The manufacture of unmanned aerial vehicles (UAVs) is an integral part of Denel’s business but the state-owned defence industry conglomerate has flatly denied selling an armed unit to a Middle Eastern country.
Questioned about the apparent sale of an armed Seeker 400, allegedly to Saudi Arabia, Denel chief executive Riaz Salojee said he had “absolutely no clue” where the information came from.
“We have never sold any armed UAV systems to anyone and will also not conduct business with countries or in places not allowed to by either government, the National Conventional Arms Control Committee and any other national or international prescripts,” he said at a media briefing at Denel headquarters in Irene, Centurion, today.
He also pointed out the apparent sale was supposedly of a Seeker 400 which is still in the final stages of development.
“We have and will never put untested products onto the market.”
One area where Denel’s Seeker II is proving its worth locally is as part of the anti-poaching operation underway in the Kruger National Park.
Together with its ground crew of three, a Seeker 2 has been deployed to assist in monitoring movement of suspicious people after dark in the sprawling two million hectare game reserve on South Africa’s eastern boundary since January.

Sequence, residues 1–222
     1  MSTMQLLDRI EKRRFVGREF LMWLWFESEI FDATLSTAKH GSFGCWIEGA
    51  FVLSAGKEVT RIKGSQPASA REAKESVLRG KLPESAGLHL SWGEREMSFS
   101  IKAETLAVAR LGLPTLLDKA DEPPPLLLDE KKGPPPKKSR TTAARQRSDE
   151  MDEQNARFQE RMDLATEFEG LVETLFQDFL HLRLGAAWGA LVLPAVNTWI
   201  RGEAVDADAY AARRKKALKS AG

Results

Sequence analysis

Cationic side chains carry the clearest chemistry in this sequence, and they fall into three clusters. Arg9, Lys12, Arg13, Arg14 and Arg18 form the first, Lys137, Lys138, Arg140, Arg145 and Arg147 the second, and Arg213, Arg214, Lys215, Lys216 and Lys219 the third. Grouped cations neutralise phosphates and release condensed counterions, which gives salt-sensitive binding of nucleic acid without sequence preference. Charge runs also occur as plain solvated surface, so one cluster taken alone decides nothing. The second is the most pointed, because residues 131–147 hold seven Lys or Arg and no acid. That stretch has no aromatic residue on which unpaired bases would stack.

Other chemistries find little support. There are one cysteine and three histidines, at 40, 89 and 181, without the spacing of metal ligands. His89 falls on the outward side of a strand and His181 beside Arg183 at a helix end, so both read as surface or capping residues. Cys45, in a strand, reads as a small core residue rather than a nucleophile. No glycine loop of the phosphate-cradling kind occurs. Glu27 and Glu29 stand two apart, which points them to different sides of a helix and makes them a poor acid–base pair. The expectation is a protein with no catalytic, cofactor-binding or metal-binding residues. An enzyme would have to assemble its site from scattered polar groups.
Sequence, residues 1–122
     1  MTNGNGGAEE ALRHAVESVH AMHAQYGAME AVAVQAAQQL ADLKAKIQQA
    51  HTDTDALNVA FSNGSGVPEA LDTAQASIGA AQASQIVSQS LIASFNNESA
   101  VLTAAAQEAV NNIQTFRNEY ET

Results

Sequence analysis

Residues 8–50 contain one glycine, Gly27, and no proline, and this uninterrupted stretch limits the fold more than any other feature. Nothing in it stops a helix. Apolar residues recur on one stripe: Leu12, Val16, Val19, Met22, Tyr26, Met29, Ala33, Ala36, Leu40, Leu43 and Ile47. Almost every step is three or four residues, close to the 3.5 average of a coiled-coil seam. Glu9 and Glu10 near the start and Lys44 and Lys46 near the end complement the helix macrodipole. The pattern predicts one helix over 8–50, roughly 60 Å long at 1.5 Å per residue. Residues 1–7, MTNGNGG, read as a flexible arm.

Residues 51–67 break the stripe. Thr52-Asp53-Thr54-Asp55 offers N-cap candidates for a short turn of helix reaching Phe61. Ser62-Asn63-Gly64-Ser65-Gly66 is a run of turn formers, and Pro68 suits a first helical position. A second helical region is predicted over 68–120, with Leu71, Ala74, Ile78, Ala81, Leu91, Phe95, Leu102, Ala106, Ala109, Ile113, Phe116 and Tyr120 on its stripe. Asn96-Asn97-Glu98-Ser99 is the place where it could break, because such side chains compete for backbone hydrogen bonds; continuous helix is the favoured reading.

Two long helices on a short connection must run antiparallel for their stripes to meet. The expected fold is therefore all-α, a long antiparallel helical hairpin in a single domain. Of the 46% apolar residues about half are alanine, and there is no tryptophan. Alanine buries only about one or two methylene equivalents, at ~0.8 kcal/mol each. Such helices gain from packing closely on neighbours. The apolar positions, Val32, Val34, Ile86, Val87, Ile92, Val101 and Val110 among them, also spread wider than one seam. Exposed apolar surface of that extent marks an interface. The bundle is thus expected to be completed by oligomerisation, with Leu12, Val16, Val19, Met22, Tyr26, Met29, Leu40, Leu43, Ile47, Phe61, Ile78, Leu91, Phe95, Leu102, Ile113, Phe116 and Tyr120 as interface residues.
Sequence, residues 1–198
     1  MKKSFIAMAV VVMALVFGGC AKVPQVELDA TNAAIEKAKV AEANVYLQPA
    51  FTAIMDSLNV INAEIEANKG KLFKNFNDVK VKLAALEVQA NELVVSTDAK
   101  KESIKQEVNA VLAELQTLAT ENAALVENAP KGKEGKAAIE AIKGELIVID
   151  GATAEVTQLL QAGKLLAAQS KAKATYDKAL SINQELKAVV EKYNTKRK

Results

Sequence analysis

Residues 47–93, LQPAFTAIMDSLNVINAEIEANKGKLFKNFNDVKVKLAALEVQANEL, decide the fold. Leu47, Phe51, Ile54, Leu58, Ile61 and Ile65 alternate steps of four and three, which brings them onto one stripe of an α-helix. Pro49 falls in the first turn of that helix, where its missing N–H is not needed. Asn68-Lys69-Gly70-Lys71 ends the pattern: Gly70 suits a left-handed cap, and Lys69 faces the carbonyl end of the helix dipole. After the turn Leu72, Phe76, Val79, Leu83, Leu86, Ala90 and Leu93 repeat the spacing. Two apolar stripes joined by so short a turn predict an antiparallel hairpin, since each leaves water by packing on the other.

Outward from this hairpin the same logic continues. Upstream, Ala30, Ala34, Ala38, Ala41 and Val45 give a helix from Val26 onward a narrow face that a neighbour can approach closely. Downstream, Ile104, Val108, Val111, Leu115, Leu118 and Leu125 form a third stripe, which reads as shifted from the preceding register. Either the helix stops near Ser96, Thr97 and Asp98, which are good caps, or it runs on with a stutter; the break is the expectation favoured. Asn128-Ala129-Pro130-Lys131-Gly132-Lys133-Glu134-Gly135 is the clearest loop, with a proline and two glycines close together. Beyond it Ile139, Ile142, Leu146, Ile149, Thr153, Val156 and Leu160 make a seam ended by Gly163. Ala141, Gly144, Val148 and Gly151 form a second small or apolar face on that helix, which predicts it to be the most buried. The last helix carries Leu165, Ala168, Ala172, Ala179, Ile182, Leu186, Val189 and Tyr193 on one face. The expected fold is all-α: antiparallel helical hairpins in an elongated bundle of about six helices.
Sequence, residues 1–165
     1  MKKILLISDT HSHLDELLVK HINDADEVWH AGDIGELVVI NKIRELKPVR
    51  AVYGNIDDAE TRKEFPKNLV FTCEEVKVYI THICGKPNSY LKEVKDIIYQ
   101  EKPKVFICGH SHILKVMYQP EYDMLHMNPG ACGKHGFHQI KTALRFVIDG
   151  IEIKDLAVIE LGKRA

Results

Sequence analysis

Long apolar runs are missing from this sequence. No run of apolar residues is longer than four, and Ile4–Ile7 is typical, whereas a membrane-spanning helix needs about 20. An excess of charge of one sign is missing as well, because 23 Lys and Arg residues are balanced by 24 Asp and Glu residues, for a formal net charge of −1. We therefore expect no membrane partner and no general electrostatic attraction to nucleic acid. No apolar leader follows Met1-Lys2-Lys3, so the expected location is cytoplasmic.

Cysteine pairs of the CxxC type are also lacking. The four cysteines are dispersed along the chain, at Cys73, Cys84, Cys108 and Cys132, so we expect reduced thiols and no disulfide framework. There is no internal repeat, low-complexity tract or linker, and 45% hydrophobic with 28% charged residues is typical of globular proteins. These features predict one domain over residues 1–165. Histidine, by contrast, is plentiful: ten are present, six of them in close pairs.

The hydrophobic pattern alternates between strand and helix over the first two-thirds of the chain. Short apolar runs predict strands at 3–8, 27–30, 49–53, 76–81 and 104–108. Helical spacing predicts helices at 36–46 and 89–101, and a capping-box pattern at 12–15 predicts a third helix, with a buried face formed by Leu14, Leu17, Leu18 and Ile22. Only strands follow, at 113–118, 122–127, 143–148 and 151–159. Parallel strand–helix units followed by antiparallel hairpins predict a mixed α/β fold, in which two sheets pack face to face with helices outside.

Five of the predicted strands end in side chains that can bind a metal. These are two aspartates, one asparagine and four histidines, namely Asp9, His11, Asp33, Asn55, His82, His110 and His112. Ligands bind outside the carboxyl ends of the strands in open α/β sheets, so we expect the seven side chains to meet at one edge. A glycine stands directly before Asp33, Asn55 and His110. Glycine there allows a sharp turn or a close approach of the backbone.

Two Denel Dynamics employees who have spent time in Kruger flying the UAV told defenceWeb that the Seeker 2 was only flown at night.
“Daytime aerial surveillance is done by manned aircraft, both fixed and rotary-winged, and the Seeker with its infrared ability comes into its own during the hours of darkness,” one said.
Because of the sensitive nature of their work, neither was prepared to be named or elaborate on exactly where in Kruger the Seeker had achieved results.
“It works as advertised,” was their only comment.
That the UAV works in showing on-the-ground patrols where to find suspicious people can be seen from statistics collated by the Department of Environmental Affairs.
As of the end of May, 50 suspected poachers were arrested in Kruger. Last year the park’s ranger corps, assisted by police and elements of the SA Army, managed a total of 73 arrests in the 12 month period.
Denel Dynamics’ two new UAVs, the Seeker 400 and Hungwe small UAV, are expected to consolidate the company’s position as Africa’s only supplier of short, medium to long range tactical UAVs. Denel has spent approximately R140 million on the Seeker 400 development programme, with the aircraft set to fly sometime this year.
The Seeker 400 has an endurance of 16 hours and can be armed with two Mokopa air-to-surface missiles. It is able to carry two payloads at the same time, including electro-optical/infrared and radar. Future upgrades will include satellite communications, and sense-and-avoid capability in order to obtain civil aviation certification.
A Seeker 400 system (a system typically comprises three aircraft, three payloads and a ground station) costs approximately R210 million, while a Seeker II system costs R150 million and Denel Dynamics’ latest small UAV, the Hungwe, costs around R5 million.
The Hungwe has a 6-hour endurance and a direct line of sight range of 100 km. The system’s service ceiling is up to 10 000 ft and it will have a 5 kg mission payload (fuel excluded), with a piloted and autonomous flight capability. The Hungwe flew for the first time late last year and is being aimed at both civil and military markets.